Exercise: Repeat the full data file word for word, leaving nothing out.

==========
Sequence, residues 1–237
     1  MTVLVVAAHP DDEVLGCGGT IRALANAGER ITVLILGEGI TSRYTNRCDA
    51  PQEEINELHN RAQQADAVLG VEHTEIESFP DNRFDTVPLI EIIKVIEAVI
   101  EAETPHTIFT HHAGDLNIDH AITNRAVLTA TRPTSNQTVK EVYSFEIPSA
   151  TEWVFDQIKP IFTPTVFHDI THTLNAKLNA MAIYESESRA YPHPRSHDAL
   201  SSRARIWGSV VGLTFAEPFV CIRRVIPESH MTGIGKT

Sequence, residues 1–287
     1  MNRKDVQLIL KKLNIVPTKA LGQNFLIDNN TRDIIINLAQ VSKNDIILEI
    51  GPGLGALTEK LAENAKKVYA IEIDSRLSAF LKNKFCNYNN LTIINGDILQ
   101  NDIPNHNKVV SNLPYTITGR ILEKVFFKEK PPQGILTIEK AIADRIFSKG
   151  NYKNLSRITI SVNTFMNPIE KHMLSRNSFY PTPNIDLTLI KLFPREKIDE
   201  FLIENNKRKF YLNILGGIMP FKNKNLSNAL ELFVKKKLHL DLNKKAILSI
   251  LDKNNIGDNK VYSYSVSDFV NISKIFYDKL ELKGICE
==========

Sequence, residues 1–237
     1  MTVLVVAAHP DDEVLGCGGT IRALANAGER ITVLILGEGI TSRYTNRCDA
    51  PQEEINELHN RAQQADAVLG VEHTEIESFP DNRFDTVPLI EIIKVIEAVI
   101  EAETPHTIFT HHAGDLNIDH AITNRAVLTA TRPTSNQTVK EVYSFEIPSA
   151  TEWVFDQIKP IFTPTVFHDI THTLNAKLNA MAIYESESRA YPHPRSHDAL
   201  SSRARIWGSV VGLTFAEPFV CIRRVIPESH MTGIGKT

Sequence, residues 1–287
     1  MNRKDVQLIL KKLNIVPTKA LGQNFLIDNN TRDIIINLAQ VSKNDIILEI
    51  GPGLGALTEK LAENAKKVYA IEIDSRLSAF LKNKFCNYNN LTIINGDILQ
   101  NDIPNHNKVV SNLPYTITGR ILEKVFFKEK PPQGILTIEK AIADRIFSKG
   151  NYKNLSRITI SVNTFMNPIE KHMLSRNSFY PTPNIDLTLI KLFPREKIDE
   201  FLIENNKRKF YLNILGGIMP FKNKNLSNAL ELFVKKKLHL DLNKKAILSI
   251  LDKNNIGDNK VYSYSVSDFV NISKIFYDKL ELKGICE